Tuesday, 15 January 2013

Turkey, Islam & 'Western' secularisation II

The final part of our feature on Islam in Turkey looks at how Western modernisation has changed the practice of the religion

Statue of Mustafa Kemal Ataturk, first president of Turkey

The name "Ataturk" means "Father of the Turks" and for many both in Turkey and abroad, Mustafa Kermal Ataturk truly did "father" the modern Turkish nation. In what seemed like a miraculously short shape of time, he chiselled away at the relics of the Ottoman era, and shaped the new streamlined Republic of Turkey.

The impact of his reforms were undeniable. They sowed the seeds of a modern, secular, Western State. The Islamic institutions of marriage and divorce were altered to resemble those of the West and the Arabic alphabet was exchanged for that of Europe. Faith was privatised and Islamic dress banned, aligning Turkey with a French model of secular modernity, where items of religious dress are banned in schools. The language of the call to prayer was also altered from Arabic to Turkish, making it universally comprehensible, as the Protestants had sought to do centuries earlier in Western Europe, exchanging Latin liturgy for sermons in national vernaculars. In short, Ataturk turned the public face of Turkey secular.

The "modern proletariat" said sociologist Max Weber, "is characterised, like the greater part of the authentic modern bourgeoisie by an indifference to or rejection of religion." He argued that modernisation created "disenchantment
", the rationalisation of thought and coterminous rejection of "mystical" religion. Ataturk, many argue, assembled a Weberian proletariat at a pace no other statesman has ever rivaled. 

However, while in many ways the secular modernity Ataturk created embodies much that modern Western society aims to achieve, in other ways it clearly contradicts such aspirations. Many Western countries, for example, take a liberal attitude towards religion, allowing all people to practise their respective faiths and protecting their rights to do so. This is not the case in Republican Turkey where women who veil have been marginalised in government and the media.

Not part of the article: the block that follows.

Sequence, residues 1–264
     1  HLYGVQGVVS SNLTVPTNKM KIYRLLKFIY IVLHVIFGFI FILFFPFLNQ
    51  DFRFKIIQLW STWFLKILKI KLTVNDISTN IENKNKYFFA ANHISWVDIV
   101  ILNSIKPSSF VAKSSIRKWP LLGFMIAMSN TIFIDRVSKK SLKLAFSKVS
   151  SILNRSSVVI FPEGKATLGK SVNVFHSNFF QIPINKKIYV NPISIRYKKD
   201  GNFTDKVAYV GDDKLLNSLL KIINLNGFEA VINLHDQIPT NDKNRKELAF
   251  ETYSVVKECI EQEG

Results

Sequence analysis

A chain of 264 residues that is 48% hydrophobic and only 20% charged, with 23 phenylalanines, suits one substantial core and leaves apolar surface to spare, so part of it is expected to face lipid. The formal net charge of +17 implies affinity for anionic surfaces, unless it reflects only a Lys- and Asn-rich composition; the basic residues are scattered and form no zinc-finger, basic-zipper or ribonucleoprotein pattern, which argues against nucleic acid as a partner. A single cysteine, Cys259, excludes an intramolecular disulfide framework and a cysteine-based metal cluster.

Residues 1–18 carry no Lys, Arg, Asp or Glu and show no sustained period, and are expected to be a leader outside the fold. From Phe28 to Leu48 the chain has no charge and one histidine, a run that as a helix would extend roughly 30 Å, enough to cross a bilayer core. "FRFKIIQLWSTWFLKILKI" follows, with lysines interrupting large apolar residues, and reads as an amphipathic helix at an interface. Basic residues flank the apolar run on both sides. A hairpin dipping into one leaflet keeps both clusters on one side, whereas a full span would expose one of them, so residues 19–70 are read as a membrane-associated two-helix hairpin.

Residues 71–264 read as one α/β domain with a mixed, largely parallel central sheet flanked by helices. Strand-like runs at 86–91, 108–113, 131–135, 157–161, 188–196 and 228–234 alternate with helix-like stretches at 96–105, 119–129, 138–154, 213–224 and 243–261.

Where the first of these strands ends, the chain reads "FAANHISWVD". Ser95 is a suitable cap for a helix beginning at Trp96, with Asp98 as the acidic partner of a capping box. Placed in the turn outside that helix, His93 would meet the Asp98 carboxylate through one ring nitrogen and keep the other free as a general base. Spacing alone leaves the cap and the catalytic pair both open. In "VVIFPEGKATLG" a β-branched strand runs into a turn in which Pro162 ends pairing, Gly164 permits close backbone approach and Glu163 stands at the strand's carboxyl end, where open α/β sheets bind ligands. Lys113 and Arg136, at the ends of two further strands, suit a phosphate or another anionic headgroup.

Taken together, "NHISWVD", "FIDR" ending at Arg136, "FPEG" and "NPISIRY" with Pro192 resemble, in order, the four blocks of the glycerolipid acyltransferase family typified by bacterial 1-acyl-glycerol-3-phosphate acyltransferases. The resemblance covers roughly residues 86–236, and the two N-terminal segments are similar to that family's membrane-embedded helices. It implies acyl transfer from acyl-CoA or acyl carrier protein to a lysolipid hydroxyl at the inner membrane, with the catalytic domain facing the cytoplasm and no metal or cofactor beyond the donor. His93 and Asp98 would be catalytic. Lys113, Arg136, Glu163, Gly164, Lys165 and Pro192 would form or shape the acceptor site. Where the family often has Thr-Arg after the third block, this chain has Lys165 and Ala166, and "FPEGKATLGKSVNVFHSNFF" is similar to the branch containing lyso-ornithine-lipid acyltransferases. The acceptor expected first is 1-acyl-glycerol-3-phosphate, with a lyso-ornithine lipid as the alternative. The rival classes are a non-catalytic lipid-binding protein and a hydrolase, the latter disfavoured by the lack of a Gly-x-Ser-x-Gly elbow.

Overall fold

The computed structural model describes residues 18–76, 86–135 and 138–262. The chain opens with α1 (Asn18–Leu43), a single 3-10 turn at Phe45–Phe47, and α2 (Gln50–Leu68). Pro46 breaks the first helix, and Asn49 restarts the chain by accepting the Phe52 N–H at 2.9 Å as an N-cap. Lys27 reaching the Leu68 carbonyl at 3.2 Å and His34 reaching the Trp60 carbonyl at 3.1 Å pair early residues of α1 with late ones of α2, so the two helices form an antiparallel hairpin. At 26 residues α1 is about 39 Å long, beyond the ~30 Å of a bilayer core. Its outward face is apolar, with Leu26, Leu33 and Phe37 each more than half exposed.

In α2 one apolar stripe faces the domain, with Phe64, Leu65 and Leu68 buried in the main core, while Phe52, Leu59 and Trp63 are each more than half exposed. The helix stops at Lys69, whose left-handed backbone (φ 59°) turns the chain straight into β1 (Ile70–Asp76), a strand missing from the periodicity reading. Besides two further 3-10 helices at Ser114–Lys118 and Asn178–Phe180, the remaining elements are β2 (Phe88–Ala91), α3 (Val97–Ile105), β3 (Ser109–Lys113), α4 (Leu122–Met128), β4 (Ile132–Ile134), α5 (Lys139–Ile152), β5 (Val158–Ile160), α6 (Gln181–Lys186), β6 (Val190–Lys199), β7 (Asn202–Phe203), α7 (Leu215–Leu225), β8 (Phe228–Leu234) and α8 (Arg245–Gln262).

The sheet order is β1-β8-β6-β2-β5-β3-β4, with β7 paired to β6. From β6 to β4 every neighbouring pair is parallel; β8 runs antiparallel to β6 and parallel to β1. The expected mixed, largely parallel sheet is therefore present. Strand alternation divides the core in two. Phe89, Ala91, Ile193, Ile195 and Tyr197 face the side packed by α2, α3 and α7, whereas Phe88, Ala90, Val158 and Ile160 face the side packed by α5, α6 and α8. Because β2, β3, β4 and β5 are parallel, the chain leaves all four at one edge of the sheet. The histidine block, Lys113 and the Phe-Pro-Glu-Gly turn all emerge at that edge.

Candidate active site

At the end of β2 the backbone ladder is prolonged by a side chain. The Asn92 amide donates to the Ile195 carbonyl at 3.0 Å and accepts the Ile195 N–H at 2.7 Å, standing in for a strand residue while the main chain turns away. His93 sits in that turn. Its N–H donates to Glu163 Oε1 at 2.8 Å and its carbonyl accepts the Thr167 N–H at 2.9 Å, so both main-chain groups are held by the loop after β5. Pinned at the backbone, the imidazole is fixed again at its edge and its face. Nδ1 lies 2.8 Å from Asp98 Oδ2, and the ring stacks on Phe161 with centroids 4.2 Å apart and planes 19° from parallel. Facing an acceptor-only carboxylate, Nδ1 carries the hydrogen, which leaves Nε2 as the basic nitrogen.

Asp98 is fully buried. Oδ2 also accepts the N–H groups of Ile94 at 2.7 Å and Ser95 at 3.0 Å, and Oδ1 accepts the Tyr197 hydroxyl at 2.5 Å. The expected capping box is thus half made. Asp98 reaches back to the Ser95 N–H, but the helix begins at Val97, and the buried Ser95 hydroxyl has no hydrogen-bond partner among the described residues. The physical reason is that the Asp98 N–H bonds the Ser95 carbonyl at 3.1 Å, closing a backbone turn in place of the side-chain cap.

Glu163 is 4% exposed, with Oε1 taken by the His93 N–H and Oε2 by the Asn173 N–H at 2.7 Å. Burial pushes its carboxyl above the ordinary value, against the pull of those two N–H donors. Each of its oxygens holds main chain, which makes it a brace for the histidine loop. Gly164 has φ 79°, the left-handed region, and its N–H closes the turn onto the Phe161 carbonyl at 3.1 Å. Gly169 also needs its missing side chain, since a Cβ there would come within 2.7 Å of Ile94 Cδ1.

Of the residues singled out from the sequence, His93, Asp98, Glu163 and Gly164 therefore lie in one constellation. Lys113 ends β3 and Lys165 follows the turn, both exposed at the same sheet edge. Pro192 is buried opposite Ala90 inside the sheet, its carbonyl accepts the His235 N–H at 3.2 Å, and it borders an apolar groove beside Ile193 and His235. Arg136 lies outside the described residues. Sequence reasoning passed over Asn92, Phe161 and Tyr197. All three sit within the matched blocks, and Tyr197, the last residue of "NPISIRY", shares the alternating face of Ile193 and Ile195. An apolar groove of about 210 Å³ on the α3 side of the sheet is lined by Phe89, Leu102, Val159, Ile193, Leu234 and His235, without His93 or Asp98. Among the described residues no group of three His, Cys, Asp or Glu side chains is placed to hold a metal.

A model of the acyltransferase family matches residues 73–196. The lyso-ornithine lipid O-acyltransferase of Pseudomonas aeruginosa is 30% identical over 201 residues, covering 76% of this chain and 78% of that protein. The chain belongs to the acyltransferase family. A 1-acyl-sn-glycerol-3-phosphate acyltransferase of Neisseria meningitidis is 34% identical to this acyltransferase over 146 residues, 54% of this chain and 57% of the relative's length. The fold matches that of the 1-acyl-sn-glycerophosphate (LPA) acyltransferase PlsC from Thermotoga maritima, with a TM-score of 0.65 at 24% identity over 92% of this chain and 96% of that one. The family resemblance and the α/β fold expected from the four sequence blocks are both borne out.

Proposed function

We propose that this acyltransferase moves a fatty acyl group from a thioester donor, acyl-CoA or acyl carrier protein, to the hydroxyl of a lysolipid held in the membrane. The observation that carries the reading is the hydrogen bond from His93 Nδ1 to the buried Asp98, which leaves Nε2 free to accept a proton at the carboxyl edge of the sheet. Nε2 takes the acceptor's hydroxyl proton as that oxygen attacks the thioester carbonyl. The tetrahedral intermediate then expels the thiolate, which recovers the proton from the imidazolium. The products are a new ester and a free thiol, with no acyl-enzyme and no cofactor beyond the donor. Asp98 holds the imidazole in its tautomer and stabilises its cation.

Meanwhile, Ataturk is often ascribed a god-like status. As anthropologist Esra Ozyurek has noted in her book Nostalgia for the Modern: State Secularism and Everyday Politics in Modern Turkey, pictures of the former leader have become part of the cultural landscape: couples get married with these images pinned to their chest, to depict Ataturk in film has only recently been permitted, and the small village of Yukarı Gundeş has become a place of national significance as once a year a shadow resembling Ataturk’s silhouette creeps across the barren mountains.

The memory of Winston Churchill and Abraham Lincon is often idealised, but nowhere is the veneration as complete as in Turkey. As these rebulican modernists become "disenchanted" with their belief in the "founder of the world" and His moral code, they turn to the "founder of modern Turkey" and his political agenda.

Another celebrated aspect of modernisation is the cross-fertilisation of ideas. In Turkey, this process was unidirectional: Turkey only looked West. Ataturk not only de-mystified religion and changed the alphabet, he also exchanged the lunar calendar for the Western solar one, and adopted elements of the French education system and Swiss legal code. Despite appearing superficial, these changes had great symbolic significance for many republicans. In her book, Ozyurek explains how republican interviewees referred to dates before Ataturk’s reforms using the solar calendar, even though this was unnatural and required calculation.

The headscarf ban was relaxed in 2011 allowing students at public universities to veil, and many expect the ruling Islamic-based Justice and Development Party to lift the ban altogether. As Kicanç Ulusoy, assistant professor of political science at the University of Islanbul claims, "many people are against the headscarf because they see it as a political instrument." And yet it is hard to see Turkish secularism, born of Ataturk’s political wrangling, as anything but politically motivated
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